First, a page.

Category Archives: Alternate Universes

Books Translating into Media Forms

Have you noticed recently a lot of familiar book titles showing up on various streaming services? Movies? Television series? Then I read the last few blogs of Kris Rusch talking about licensing your work. Story content is at a premium in the war for streaming memberships, and she urges authors to look into the lucrative world of licensing.

Think about it. Star Wars has made a fortune on licensing games, dolls, cups, sweatshirts. Oh, you’ve seen all the stuff. Their products are everywhere, and it’s all from a story.

But, you say… I’m not famous. Well, according to Kris, you don’t have to be. Check out her blog and her experience at the Vegas licensing conference.

http://www.kriswrites.com/2019/08/07/business-musings..

However, it didn’t all come together in my mind until I read Tor’s blog on upcoming books adapted for media. (Movies, Netflix, TV, etc.)

Mind blown.

There’s too many to list here, so I’m just going to mention those books I have recommended in my blogs that I’m familiar with. I’m omitting the large quantity of graphic novels slated for production. Also, some went into contact and because of delays, the contracts have expired.

But still, the list is extensive.

First…those science fiction stories that are returning from an already broadcasted series and are in upcoming productions for an additional season.

The Expanse by James Corey.– This is an long series that is very good. So far the production has been outstanding. Coming on Amazon streaming service Dec 13 renewed by Amazon after being dropped by Netflix.

A Discovery of Witches by Deborah Harkness broadcast– US /BBC April 2019. Second and third season has no date yet but is in production. (See discussion on this below). Well done as a broadcast.

Altered Carbon by Richard Morgan (See trailer and review in previous blog) Season 1 was February 2018. It’s a gritty Cyberpunk murder mystery where people can be “sleeved” into other bodies or cloned. Far future. It has been renewed for eight seasons by Netflix and is in production to return in 2020.

The Magicians by Lev Grossman–Already available on Netflix, the first two seasons deal with a group of students at a college that teaches magic. They discover an alternate fantasy world through a book and soon are battling a variety of demons and bad guys while dealing with several romantic conflicts. Next in the series due out in 2020.

Man in the High Castle. By Philip K. Dick.–First two series on Netflix. Third season due out Nov 2019. It tells the story of an alternate universe during Hitler’s era where Germany and Japan have divided up the United States. However, there’s a secret film that has our timeline on it where Germany is defeated, and everybody is searching for it to take to the “man in the castle.”.

Outlander by Diana Gilbraldi. –several seasons already. Starz says that the fifth season of the Golden Globe-nominated original series Outlander will premiere on Sunday, February 16 2020. It will be the first time new episodes have aired since the season 4 finale in January. … Season five is currently in production in Scotland.
There are eight books in this romantic time travel series to date. My own Caught in Time has a similar premise of a woman traveling to the past and falling in love… Only my female protagonist is sent back to assassinate the king, but she accidentally falls in love with him because of mistaken identity.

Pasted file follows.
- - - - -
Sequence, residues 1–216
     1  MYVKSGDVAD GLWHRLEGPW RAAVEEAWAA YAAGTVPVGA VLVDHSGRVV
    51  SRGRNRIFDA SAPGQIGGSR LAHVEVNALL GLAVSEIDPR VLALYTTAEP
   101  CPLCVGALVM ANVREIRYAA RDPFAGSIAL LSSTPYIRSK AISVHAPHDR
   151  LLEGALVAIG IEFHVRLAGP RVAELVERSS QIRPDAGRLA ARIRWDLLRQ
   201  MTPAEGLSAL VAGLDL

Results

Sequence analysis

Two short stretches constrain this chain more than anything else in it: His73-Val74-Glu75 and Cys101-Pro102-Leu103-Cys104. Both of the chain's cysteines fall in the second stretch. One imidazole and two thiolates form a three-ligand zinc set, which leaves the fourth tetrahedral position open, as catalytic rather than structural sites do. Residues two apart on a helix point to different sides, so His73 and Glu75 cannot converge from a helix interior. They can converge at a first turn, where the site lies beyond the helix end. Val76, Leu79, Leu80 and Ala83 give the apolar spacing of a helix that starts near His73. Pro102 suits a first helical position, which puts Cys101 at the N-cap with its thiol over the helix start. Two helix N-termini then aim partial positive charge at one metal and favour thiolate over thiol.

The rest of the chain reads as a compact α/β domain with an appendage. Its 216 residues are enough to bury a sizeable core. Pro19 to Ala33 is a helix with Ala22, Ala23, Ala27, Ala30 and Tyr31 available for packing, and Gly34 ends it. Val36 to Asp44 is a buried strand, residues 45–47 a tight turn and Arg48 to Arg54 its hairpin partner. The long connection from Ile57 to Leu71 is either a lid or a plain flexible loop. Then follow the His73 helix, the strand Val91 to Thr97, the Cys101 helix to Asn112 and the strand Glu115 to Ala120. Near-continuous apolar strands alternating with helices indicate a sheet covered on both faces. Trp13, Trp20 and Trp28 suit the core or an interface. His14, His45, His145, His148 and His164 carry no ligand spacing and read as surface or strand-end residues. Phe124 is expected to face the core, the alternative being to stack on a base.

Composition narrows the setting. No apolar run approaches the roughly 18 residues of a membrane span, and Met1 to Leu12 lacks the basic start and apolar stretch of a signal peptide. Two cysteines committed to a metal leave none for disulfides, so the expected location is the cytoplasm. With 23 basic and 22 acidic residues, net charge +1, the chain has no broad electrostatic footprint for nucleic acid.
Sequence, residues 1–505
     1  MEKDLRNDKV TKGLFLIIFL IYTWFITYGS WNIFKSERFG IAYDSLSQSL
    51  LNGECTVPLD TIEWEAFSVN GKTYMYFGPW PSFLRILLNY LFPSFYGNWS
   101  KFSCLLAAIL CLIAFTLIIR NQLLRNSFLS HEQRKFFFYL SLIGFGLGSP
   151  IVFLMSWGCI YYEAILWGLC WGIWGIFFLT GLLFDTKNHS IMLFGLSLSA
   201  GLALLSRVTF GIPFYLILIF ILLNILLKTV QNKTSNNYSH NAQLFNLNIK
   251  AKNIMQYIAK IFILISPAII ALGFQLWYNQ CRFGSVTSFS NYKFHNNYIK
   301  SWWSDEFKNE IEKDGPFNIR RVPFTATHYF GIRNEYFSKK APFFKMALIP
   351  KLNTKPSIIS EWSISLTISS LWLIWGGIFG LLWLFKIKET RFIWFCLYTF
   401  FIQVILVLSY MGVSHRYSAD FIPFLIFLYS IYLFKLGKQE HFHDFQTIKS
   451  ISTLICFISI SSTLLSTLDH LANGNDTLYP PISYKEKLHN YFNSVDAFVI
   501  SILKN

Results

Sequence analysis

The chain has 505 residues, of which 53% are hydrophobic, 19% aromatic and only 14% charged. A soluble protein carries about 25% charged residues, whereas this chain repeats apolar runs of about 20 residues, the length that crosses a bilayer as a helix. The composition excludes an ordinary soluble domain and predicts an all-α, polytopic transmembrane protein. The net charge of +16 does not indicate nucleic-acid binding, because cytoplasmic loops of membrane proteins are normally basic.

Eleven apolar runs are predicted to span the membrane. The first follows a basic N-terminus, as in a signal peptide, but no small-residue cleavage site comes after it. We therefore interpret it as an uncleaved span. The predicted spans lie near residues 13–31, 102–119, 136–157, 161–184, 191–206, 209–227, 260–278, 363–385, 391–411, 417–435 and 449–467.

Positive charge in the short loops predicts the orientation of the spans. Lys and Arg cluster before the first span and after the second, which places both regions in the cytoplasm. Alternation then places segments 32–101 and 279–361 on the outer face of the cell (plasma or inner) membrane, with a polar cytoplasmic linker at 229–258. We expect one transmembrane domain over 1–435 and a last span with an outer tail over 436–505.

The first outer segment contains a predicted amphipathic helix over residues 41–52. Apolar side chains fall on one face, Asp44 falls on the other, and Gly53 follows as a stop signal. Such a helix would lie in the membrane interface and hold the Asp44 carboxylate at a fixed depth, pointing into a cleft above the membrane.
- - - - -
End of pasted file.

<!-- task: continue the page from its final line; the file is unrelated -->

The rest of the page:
The Umbrella Academy. First season on Netflix. No date yet for second season, but ten episodes confirmed. This is based on a comic book story of a dysfunctional family of superheroes who are now reunited to face a world threat.

The Feed by Nick Clarke Wundo. First season on Amazon Prime Nov 22 2019. Second season to date is neither canceled or confirmed. Based on science fiction thriller where technology is placed in everyone’s brain and people can read other’s minds.

The City and City by China Mieville aired BBC (Britbox) April 2019 but no date for U.S. yet. Science fiction crime thriller takes place in dimensionally overlapped cities.

These are a few of an already broadcasted series that I have mentioned in my blog or viewed.

There are many books or graphic novels that are in contract to be published in the media. Here are only a few I’m familiar with.

Artemis by Andy Weir. Film. 20th Century Fox
Artemis is a 2017 science fiction novel that takes place in the late 2080s and is set in Artemis, the first and so far only city on the Moon. It follows the life of porter and smuggler Jasmine “Jazz” Bashara as she gets caught up in a conspiracy for control of the city. Wild young lady who disrupt the moon community. (in blog)

Ancillary Justice by Anne Leckie—to be announced. (In blog) Breq used to be the spaceship Justice of Toren, controlling countless ancillary soldiers, before an accident fragmented her. Now, in a single form, she is returning to the Imperial Radch to confront its ruler, Anaander Mianaai. adapted for Fox tv.

The Last Policeman by Ben Winters. Put pilot for TV. NBC. (In blog)
With an approaching asteroid on a collision course with Earth, the end of the world is just months away. But as civilization frays at the edges, police detective Hank Palace is determined to stay on the job and investigate the crimes everyone ignores. (In blog)

Kushiel’s Dart by Jacqueline Carey is a high fantasy series called Kushiel’s Legacy. At this time, it is unclear if Lionsgate is planning a film franchise or looking to bring the series to a cable channel as a series in the vein of Game of Thrones or Outlander, which all had successful leaps from page to screen. (in blog)

Name of the Wind. By Patrick Rothfuss—optioned by Lionsgate for Film, TV, or possibly gaming. (In blog)
The Kingkiller Chronicle is a fantasy series by Patrick Rothfuss, which recounts the story of Kvothe, an adventurer and musician. The story is narrated from the third person, but mostly consists of Kvothe narrating his life to a scribe in the first person.

Left Hand of Darkness by Ursula LeGuin optioned for TV. (In blog)

Lies of Locke Lemora. By Scott Lynch —TV. Tba